I had a dream last night. I was watching the dream happen. I was the viewer, but who is it that scripted the dream? I scripted it, but I don’t know how I did it. From my conscious awareness, I was the viewer.
There are lots of things in our minds that we don’t know about. Still, at the same time, when we are beholding a particular thing in our mind we know it directly, and we know it incorrigibly. That means we know it without the possibility of being mistaken.
I continued the discussion with a series of questions. “Now, do you think you could be mistaken about the thoughts that you think you’re having right now?”
And both the husband and wife who were talking to me reflected, and then said no. They’re right. They can’t be mistaken. Could they be mistaken, though, about the pen on the table, which was the earlier discussion? And the answer they gave was yes, they could. In other words, it’s not likely that they are. There’s no good reason to be skeptical, but it is possible that they’re mistaken about that. However, it is not possible—and this seems obvious just on reflection—for us to be mistaken about the content of our own minds.
Here is the way this cashes out. I have really asked questions about two categories of things—material and immaterial things. We concluded that we knew things about both areas: the physical that we knew based on our senses (and this would be the way science tells us things) and immaterial things that we knew based on reflection.
We also realize that it’s possible to be mistaken about one, but it’s not possible to be mistaken about the other. Clearly we could be mistaken about virtually anything that we discover with our senses, even though we may not have good reason to believe so. So I’m not a skeptic in that regard. But it is not possible to be mistaken about the contents of our own mind and other kinds of immaterial, abstract objects that we’re aware of, like the laws of logic and reasoning and math, and a host of other things.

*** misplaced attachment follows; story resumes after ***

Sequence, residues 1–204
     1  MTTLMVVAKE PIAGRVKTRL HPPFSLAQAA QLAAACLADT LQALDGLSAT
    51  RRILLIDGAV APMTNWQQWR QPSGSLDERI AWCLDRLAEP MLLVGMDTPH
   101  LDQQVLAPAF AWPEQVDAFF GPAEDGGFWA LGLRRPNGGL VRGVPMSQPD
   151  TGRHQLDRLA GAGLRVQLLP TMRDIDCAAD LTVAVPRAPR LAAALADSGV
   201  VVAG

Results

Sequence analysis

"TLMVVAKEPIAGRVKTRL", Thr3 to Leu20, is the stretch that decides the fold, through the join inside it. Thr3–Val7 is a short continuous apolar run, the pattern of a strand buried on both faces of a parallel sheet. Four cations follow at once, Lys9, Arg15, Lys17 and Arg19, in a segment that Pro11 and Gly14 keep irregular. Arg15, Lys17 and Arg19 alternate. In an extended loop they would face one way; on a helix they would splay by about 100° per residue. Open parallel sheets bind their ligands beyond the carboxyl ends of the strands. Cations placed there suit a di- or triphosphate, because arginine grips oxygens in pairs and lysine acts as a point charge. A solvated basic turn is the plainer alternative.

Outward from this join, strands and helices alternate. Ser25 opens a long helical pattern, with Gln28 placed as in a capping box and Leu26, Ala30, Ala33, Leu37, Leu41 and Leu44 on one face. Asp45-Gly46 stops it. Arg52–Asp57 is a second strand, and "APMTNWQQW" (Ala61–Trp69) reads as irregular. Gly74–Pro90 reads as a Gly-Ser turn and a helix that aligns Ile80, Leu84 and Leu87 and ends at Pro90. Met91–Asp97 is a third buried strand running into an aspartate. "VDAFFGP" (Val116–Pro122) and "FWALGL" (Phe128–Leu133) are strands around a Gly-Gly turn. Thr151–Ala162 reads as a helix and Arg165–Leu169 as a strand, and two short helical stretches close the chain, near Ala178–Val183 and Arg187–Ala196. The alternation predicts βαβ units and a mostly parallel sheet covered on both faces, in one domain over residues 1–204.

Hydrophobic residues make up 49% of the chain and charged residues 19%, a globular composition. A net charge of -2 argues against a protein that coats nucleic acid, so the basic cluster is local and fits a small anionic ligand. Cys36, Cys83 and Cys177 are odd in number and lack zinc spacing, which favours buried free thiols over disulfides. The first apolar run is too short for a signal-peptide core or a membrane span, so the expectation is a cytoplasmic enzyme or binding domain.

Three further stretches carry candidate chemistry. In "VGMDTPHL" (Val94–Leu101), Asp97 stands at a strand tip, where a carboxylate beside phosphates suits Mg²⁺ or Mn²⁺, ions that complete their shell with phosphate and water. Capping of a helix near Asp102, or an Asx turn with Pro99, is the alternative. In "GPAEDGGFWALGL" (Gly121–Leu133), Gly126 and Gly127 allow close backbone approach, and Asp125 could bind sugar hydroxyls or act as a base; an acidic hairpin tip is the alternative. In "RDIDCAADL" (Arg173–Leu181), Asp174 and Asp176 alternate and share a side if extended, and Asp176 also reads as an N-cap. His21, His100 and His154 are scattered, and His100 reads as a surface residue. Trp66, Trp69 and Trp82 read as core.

If that’s the case, then why are we saying things like, We can know things that science tells us, but we can’t really know about things that aren’t part of the physical world. It turns out that our confidence is just the opposite.
If you allow that to sink into your thinking, then it becomes a fruitful line of reasoning or questioning to ask what other things we might know with such confidence. Can we employ some of those same ways of knowing that we know immaterial things to other issues, like the existence of God or souls or morality? I think the answer to that is yes. There is no good reason to believe that we cannot have confident knowledge about facts of the immaterial world.
If we simply, by default, assert that we can’t know those things, then what Christians are doing is asserting a materialist worldview that is not only inconsistent with Christianity, but I think inconsistent with our basic perception of reality.
There are all kinds of things that we know that have little to do with the physical world, but we still know them. Friendship. Love. Loyalty. Goodness. Any moral virtue, any moral vice. None of these things are identical with behaviors or brain chemistry. The behaviors may signal that the virtue or the vice is present. You see behaviors from people around you that allow you to conclude that they are your friends, but the friendship is an immaterial thing. There are many things like this.
I’m trying to rock your world just a little bit epistemologically, in terms of the things that you know, to help you to see that the rejection of the idea of certitude about spiritual things is not well grounded.